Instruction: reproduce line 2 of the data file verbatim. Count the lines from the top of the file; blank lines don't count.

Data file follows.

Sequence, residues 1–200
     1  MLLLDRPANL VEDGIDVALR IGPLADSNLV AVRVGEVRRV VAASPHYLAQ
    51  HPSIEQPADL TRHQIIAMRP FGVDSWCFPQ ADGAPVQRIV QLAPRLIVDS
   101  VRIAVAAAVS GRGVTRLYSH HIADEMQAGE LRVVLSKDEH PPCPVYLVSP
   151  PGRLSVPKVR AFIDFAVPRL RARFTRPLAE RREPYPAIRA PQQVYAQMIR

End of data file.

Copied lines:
     1  MLLLDRPANL VEDGIDVALR IGPLADSNLV AVRVGEVRRV VAASPHYLAQ